Albert Einstein College of Medicine and Montefiore Health System recently concluded that its study results align with those of Oxford’s RECOVERY clinical trial centering on the use of steroids for COVID-19 patients. Thanks to these prestigious New York City healthcare and research institutions, material medical evidence is advanced, as several key questions are addressed, such as “Which patients are most likely to benefit from steroid therapy? Could some of them (patients) be harmed? Can other formulations of steroids substitute for the agent studied in the British Trial?” TrialSite provides a brief review. To summarize, multiple formulations of steroids can benefit COVID-19 patients while a common blood test can help determine ideal patient selection for steroid therapy.
With the findings recently published in the Journal of Hospital Medicine, the recent Albert Einstein College of Medicine and Montefiore Health System address questions raised by the conclusion of the UK RECOVERY trial covered by the TrialSite. The study’s title is “Effect of Systemic Glucocorticoids on Mortality or Mechanical Ventilation in Patients with COVID-19.”
The RECOVERY Trial Findings
The UK Recovery file, sponsored by the University of Oxford, concluded that dexamethasone lowers the death rate for severe to critically ill COVID-19 patients receiving mechanical ventilation versus the standard of care. National Institute of Allergy and Infectious Diseases (NIAID) Director Anthony Fauci recently announced that dexamethasone, the low-cost, available steroid, would be included in the National Institutes of Health (NIH) COVID-19 treatment guidelines thanks to this prospective, randomized, open-label British study.
In this study principal investigators from Einstein-Montefiore compared the outcomes for two groups selected from almost 3,000 patients hospitalized at Montefiore with a positive COVID-19 test. The team treated one group of 140 patients with steroids within 48 hours of hospital admission while a control group of 1,666 similar patients didn’t receive any steroid therapy. Most of those in the intervention group were treated with prednisone while others received dexamethasone and methylprednisolone.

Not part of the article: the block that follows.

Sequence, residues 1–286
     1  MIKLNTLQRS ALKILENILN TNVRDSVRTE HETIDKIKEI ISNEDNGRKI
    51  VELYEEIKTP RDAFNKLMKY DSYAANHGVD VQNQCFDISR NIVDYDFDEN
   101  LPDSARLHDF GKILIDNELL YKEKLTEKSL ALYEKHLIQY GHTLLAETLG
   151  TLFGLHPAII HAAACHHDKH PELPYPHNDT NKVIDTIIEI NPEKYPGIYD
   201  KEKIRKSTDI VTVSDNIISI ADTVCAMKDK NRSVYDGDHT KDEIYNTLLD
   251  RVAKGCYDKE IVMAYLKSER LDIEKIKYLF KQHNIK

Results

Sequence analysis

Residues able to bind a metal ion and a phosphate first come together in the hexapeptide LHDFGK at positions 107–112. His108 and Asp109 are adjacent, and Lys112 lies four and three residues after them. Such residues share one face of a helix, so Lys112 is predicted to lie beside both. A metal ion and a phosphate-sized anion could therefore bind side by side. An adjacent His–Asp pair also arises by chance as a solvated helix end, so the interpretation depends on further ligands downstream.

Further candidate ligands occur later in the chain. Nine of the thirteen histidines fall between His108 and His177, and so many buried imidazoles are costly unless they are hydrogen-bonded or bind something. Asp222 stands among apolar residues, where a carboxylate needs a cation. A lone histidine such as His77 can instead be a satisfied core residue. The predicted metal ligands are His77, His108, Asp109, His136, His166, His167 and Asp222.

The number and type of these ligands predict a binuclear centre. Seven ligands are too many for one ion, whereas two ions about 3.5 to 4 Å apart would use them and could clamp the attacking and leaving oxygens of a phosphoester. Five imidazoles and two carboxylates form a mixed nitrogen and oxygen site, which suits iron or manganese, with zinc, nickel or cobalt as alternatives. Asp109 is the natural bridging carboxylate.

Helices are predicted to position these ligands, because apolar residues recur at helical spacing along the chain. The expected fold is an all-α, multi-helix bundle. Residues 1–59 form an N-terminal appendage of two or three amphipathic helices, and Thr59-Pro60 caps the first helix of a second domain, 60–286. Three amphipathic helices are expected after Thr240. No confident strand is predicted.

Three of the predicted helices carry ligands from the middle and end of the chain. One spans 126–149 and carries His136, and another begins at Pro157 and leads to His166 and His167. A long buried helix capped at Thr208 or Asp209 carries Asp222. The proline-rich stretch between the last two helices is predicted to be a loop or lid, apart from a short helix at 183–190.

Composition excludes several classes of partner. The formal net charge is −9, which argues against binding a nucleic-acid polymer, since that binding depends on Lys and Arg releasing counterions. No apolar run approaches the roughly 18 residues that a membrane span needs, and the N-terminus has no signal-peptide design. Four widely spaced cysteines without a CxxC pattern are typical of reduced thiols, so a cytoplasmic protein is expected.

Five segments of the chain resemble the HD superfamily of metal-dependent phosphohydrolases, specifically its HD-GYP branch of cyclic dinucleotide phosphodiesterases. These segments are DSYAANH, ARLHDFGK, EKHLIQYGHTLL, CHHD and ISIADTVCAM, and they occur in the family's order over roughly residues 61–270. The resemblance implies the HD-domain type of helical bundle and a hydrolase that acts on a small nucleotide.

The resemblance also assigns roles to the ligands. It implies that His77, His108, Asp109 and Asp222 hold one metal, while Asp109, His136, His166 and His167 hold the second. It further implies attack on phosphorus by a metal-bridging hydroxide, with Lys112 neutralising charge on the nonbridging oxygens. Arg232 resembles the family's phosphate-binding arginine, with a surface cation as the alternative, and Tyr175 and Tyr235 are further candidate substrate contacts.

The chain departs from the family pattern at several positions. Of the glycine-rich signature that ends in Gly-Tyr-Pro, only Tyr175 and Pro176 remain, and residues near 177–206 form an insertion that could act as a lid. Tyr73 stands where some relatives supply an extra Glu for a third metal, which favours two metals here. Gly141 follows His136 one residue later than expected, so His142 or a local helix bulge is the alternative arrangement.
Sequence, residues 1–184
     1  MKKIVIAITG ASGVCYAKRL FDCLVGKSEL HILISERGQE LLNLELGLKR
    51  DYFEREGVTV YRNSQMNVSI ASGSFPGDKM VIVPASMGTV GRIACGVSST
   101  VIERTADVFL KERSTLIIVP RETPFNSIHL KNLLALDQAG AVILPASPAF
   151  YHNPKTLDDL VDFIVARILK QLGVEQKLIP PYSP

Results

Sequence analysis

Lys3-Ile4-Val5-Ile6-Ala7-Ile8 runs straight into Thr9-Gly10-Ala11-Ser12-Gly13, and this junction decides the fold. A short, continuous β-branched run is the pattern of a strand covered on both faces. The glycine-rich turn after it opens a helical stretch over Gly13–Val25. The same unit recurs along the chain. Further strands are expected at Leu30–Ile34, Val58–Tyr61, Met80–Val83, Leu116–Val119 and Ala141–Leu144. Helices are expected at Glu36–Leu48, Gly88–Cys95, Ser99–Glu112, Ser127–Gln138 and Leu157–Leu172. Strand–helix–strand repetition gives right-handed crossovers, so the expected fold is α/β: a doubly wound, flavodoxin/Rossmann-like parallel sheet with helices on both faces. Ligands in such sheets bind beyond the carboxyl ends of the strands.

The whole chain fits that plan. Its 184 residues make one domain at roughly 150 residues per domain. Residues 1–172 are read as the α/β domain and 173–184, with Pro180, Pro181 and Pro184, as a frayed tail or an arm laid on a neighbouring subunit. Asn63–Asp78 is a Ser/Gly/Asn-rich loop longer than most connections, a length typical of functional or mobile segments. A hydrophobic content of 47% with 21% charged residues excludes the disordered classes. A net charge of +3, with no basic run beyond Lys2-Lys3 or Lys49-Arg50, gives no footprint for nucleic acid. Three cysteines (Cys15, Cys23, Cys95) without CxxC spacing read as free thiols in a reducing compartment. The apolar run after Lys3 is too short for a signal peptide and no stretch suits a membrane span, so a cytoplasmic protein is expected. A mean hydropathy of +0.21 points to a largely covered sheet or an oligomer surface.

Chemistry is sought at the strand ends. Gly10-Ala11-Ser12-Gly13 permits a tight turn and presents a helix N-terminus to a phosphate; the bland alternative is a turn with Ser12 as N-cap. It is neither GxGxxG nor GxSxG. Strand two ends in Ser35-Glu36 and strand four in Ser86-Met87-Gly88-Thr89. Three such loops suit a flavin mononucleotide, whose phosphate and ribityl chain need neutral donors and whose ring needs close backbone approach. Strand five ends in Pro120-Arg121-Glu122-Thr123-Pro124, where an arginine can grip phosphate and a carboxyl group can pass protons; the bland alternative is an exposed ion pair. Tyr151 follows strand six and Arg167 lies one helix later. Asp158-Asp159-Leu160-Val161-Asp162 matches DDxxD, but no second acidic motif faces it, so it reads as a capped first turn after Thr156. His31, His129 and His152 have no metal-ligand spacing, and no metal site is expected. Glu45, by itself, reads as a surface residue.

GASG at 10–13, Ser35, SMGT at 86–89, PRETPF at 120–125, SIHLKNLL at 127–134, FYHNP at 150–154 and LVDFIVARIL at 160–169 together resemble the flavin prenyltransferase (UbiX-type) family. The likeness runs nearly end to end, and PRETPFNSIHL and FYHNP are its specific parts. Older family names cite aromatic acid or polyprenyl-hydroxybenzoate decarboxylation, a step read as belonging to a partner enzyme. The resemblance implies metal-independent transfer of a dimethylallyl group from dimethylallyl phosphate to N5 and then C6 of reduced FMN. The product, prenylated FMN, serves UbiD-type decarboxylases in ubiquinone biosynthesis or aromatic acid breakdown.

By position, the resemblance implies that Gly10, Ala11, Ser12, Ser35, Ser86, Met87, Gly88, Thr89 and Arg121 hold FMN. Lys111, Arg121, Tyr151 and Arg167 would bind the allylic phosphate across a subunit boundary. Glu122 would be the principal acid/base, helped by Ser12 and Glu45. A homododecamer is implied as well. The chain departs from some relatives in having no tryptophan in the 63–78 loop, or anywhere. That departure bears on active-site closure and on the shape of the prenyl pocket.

Multiple Steroids Can Work
Now with the study results out, Marla Keller, vice chair for research in the department of medicine at Einstein and Montefiore and lead author of the study, reports “Our study is consistent with the promising findings from Britain, but for the first time, we are able to demonstrate that people can see the same, life-saving benefits with steroid formulations other than dexamethasone.”
Dr. Keller reports that that the study team identified a prevalent blood test that could possibly serve as a kind of a biomarker, helping investigators identify the ideal patients with COVID-19 for such a steroid treatment.
The Blood Test
The liver produces C-reactive protein (CRP) in response to inflammation. Hence a common blood test with COVID-19 patients involves the CRP test, which helps investigators and care team determine inflammation levels. The higher the CRP level in the blood, the more the inflammation. For example, 0.8 milligrams per deciliter of blood or below is considered “normal” for purposes of the study.
The Einstein-Montefiore study team observed that if the CRP level is over 20 then the use of “steroids is associated with a 75% reduction in the risk of going on mechanical ventilation or dying,” reported Dr. Keller.
The Importance of this Finding
As a great number of people with COVID-19 die from surges in immune response, which overwhelms and consequently severely damages the lungs, study senior author William Southern, MD, MS, commented that “Our findings suggest that steroid therapy should be reserved for people with high inflammation, as indicated by markedly elevated CRP levels.” Dr. Southern highlighted, “It’s a different story for people who do not have significant inflammation: For them, any benefit is outweighed by the risks from using steroids.”
A Well Run, Diversified Study
The Einstein-Montefiore study was a well-run, diversified study as 40% of the patients were African American while 36% were Hispanic: the gender split was near equal reported Shitij Arora, MD, associate professor of medicine and co-author. The diverse patient population helps the investors assess whether the steroid approach can work across racial and ethnic groups for instance. The results of “the study suggests that steroid therapy benefits hospitalized COVID-19 patients affected by significant inflammation regardless of their race or ethnicity Dr. Arora reported.
Marla Keller, MD, vice chair for research in the department of medicine at Einstein and Montefiore, professor of medicine, obstetrics & gynecology and women’s’ health at Einstein, infectious disease specialist at Montefiore
William Southern, MD, MS, professor of medicine and chief of the division of hospital medicine, Einstein and Montefiore, senior author
Shitij Arora, MD, associate professor of medicine and co-author
Other authors can be viewed at the source.